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Health Advisory: 2023–2024 Respiratory Illness Season

Published Sept. 28, 2023.

This 2023–2024 respiratory illness season, we’re monitoring 3 common causes of respiratory illness that circulate in Pierce County: influenza, respiratory syncytial virus (RSV), and COVID-19. We’ll update respiratory illness data every Wednesday. Data dashboard coming soon!

Influenza

Centers for Disease Control and Prevention (CDC) estimates that in the United States last flu season (2022–2023) caused:

  • 27–54 million flu illnesses.
  • 300,000–650,000 flu hospitalizations.
  • 19,000–58,000 flu deaths.

Those at highest risk for severe illness include:

  • Children under 5 years old.
  • Adults 65 years or older.
  • Pregnant people.
  • People with certain comorbidities.

Guidelines

  • Recommend flu vaccine for people 6 months or older with no contraindications.
  • All presentations are quadrivalent.
  • People with egg allergy may get any vaccine (egg-based or non-egg-based) that is otherwise appropriate for their age and health status.
  • Adults 65 years or older should preferentially receive quadrivalent high-dose inactivated influenza vaccine (HD-IIV4), quadrivalent recombinant influenza vaccine (RIV4), or quadrivalent adjuvanted inactivated influenza vaccine (aIIV4). If none of these presentations are available at time of vaccination, any other age-appropriate vaccine can be used.
  • The vaccine dosing algorithm for children 6 months through 8 years old who may need a second dose of vaccine is the same as previous years.
  • Additional information is available on CDC’s website.

RSV

RSV is one of the most common causes of childhood respiratory illness and hospitalization. Each year, RSV causes about 58,000–80,000 children to be hospitalized and about 100–300 children to die.

RSV is also dangerous for older adults. CDC estimates each year RSV causes about 60,000–160,000 older adults to be hospitalized and about 6,000–1,000 older adults to die.

Guidelines

  • Vaccines available for older adults:
    • Adults 60 years or older may receive a single dose of RSV vaccine using shared clinical decision-making.
    • Adults with certain comorbidities may benefit most from vaccination.
    • Vaccination should occur before the start of the fall and winter RSV season. For 2023–2024 season, offer vaccination as early as supply becomes available.
    • Arexvy from GSK consists of a single dose after reconstitution (0.5 mL). Consult the package insert for proper storage and handling details, shelf life, and reconstitution instructions.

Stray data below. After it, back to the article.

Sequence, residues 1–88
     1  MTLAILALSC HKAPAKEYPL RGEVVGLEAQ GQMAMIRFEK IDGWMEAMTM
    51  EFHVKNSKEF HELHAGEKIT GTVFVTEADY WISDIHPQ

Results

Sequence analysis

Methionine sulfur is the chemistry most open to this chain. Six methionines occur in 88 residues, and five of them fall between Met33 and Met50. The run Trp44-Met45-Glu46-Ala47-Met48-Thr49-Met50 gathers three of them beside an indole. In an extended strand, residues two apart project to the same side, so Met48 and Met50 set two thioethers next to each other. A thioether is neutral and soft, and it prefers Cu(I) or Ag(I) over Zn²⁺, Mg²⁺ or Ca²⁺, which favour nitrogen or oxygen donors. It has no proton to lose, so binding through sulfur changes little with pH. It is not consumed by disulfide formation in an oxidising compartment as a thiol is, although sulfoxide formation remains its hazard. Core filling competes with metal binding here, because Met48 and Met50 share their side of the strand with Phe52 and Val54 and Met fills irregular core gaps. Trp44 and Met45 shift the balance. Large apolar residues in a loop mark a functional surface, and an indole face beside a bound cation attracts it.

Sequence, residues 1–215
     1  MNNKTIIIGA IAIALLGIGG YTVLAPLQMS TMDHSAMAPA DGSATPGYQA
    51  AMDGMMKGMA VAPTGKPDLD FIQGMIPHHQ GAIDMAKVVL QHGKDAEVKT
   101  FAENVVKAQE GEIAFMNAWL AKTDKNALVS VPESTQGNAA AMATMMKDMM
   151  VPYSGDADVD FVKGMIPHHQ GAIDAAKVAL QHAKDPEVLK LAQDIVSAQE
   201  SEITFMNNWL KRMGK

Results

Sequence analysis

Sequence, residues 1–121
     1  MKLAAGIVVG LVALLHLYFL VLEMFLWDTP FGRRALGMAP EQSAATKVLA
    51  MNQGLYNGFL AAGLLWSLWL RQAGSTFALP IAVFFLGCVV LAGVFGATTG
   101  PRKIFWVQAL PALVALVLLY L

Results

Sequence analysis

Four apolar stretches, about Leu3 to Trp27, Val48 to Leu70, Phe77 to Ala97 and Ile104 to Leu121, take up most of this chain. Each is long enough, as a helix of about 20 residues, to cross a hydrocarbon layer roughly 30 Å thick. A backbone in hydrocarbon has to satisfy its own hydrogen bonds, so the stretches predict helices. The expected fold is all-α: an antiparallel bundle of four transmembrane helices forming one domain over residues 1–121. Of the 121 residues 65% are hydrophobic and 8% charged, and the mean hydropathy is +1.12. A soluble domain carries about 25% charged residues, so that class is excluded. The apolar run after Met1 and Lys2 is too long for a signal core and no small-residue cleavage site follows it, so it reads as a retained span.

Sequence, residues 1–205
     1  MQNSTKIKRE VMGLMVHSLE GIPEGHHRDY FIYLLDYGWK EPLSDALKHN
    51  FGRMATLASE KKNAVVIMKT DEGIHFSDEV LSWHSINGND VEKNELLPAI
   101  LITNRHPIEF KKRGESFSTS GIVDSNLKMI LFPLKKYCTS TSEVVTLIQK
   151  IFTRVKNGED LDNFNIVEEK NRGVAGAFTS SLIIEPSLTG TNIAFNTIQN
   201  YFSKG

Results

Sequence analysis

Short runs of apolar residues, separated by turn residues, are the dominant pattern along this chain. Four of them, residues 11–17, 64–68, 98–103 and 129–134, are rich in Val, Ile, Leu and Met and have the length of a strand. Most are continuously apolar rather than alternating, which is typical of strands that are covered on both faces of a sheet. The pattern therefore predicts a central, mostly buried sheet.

• Abrysvo from Pfizer consists of single dose after reconstitution (0.5 mL). Consult the package insert for proper storage and handling details, shelf life, and reconstitution instructions.
    • Coadministration of RSV vaccines with other adult vaccines during the same visit is acceptable, but limited data is available.
  • Monoclonal antibody injection for infants:
    • Nirsevimab is a long-acting monoclonal antibody administered as a single dose IM injection.
    • Store in refrigerator at 2–8°C.
    • The optimal timing of Nirsevimab is as follows, but may be given any time during RSV season for age-eligible infants and children who haven’t received a dose.
      • In the first week of life for infants born shortly before or during RSV season.
      • Shortly before the start of RSV season for infants younger than 8 months old.
      • Shortly before the start of RSV season for children 8–19 months old who are at increased risk for severe illness.
    • Generally, RSV season is October–March in most of the continental United States. Washington state data is available on Washington State Department of Health’s (DOH’s) data dashboard.
    • Co-administration with other age-appropriate vaccines is recommended.
    • Dosing based on age and weight:
      • 50mg if <5kg.
      • 100mg if ≥5kg.
      • 200 mg (2x100mg) for high-risk children entering their second RSV season.
    • See clinical considerations for details.

COVID-19

In the United States, COVID-19 causes an estimated 17,000 or more hospitalizations each week.

  • Since mid-July 2023, hospitalizations have increased in all age groups, with highest rates in infants younger than 6 months and older adults.
  • While 4 out of 5 adults 65 years or older hospitalized with COVID-19 had at least 3 underlying medical conditions, more than half of children younger than 5 years hospitalized with COVID-19 in the first half of 2023 were in a normal state of health at baseline with no underlying medical conditions.
  • Most children and adults hospitalized with COVID-19 during 2023 were unvaccinated or had not received an updated bivalent booster.

Guidelines

  • Recommend updated (2023–2024) COVID-19 vaccine for people 6 months or older with no contraindications.
  • Everyone 5 years or older should receive 1 dose of updated (2023–2024) Pfizer or Moderna COVID-19 vaccine.
  • Children 6 months–4 years old:
    • Never before received COVID-19 vaccine: Should receive either 2 doses of updated (2023–2024) Moderna COVID-19 vaccine or 3 doses of updated (2023–2024) Pfizer COVID-19 vaccine.
    • Previously received mRNA COVID-19 vaccine: Should receive 1 or 2 doses of updated (2023–2024) Moderna COVID-19 vaccine or updated (2023–2024) Pfizer COVID-19 vaccine, depending on the number of prior doses.
  • Novavax recommendations remain unchanged. We expect updates in the coming months.
  • See our COVID-19 health advisory and CDC’s Interim Clinical Considerations for more information.